Eventually we cleared up, topped up the sun cream and continued along the track at the bottom of the embankment. About two hours later, we were having another break when two cyclists passed us. Three people in six hours! Not bad for less than 40 miles from the centre of London!
We passed the remains of wartime buildings on the marshes. A decoy airfield was set up here to draw bombers away from towns like Gravesend and there has in the past been a gunpowder factory. Also here are the remains of practice trenches used to train soldiers in WW1 in the science of building sustainable trenches before they went to the front.
Finally, finally we reached the end of the path at Cliffe Creek. There was a bench here, high on the bank looking over the river which was a bit busier now as the tide was coming up. We had a good rest and plenty to drink as the prospect of a loo was quite close now!
It was not quite as near as we thought but we took the last lap of the walk at good speed in order to be at the village of Cliffe in time for the last bus back to Gravesend.
As we turned away from the river to follow Cliffe Creek inland, we began to meet more people. This was the site of the chalk quarries and the cement works which had once made Cliffe prosperous. Now the quarries have been made into a wildlife sanctuary and the paths are wide and easy to follow. It was a little further than we had expected and it was good to finally arrive into civilisation again. We knew that the bus stop and public toilets were outside the Six Bells pub and we followed the sound of children playing on a bouncy castle to find it.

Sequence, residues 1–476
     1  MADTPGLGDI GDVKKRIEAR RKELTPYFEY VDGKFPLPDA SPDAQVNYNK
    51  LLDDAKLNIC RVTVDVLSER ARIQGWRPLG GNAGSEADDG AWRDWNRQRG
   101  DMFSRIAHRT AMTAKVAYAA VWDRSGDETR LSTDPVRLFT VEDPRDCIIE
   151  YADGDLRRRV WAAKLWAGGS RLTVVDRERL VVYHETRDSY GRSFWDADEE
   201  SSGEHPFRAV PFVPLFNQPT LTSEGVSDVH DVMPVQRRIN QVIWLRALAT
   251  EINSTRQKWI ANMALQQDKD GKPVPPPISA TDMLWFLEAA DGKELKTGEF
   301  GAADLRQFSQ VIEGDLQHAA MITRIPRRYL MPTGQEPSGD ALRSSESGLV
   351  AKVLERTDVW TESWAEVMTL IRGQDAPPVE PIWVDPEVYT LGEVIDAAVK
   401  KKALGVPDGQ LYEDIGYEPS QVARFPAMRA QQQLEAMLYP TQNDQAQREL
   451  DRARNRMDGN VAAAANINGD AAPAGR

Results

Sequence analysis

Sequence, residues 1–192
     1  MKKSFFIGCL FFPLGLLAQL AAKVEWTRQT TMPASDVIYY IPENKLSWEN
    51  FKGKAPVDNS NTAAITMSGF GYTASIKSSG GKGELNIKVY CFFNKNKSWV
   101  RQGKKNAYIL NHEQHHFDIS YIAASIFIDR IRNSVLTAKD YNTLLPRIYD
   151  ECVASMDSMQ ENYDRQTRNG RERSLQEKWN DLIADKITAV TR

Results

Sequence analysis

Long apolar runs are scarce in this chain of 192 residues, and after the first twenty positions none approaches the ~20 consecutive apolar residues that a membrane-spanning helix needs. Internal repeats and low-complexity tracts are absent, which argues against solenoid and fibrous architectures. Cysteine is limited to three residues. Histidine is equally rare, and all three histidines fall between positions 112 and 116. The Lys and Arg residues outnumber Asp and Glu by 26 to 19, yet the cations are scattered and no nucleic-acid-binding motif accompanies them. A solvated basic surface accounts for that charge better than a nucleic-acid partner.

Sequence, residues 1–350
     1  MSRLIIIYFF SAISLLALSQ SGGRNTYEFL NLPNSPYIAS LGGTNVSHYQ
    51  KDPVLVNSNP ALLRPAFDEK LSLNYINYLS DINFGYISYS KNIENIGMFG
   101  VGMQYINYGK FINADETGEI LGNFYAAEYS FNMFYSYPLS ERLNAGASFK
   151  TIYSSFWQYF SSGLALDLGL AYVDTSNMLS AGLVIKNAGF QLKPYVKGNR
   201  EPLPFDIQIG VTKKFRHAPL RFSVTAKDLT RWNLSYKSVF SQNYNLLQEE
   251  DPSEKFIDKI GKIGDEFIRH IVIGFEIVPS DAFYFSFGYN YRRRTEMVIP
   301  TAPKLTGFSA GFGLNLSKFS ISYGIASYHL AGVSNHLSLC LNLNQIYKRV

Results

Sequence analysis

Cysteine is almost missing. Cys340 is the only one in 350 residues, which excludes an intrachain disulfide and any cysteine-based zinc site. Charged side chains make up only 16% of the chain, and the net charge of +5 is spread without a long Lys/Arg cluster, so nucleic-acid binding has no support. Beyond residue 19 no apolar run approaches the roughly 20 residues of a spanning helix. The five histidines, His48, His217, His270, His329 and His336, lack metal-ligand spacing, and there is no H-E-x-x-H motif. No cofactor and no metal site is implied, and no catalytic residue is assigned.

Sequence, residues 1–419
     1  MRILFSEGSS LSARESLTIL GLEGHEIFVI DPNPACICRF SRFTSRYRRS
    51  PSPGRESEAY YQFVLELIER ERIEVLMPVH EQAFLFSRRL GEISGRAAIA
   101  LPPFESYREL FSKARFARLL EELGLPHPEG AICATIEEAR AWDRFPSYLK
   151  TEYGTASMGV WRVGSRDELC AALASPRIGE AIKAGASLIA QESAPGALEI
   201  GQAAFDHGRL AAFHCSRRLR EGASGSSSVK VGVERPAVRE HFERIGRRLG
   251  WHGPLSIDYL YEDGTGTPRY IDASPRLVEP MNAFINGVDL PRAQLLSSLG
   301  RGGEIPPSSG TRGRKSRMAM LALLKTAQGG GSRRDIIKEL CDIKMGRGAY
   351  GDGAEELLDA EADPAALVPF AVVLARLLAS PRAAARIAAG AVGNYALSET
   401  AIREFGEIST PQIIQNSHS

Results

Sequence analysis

The toilets were open and clean but slightly odd because once the cubicle door was closed there was no light so relief happened in pitch darkness. At least it happened! We had about twenty minutes to wait for the bus so we sat in the shade on the church wall and finished all the bottles of water we had with us. A lovely chatty bus driver took us back to Gravesend. It was never going to be one of those direct routes and every time we seemed to be getting somewhere we turned off the main road into yet another village. However, we enjoyed the ride and it was good to be sitting down in the shade. Coffee, tea and biscuits in Gravesend were very welcome before heading to the station to begin the journey home.
St Mary Hoo 09.30
Running total 648.8 miles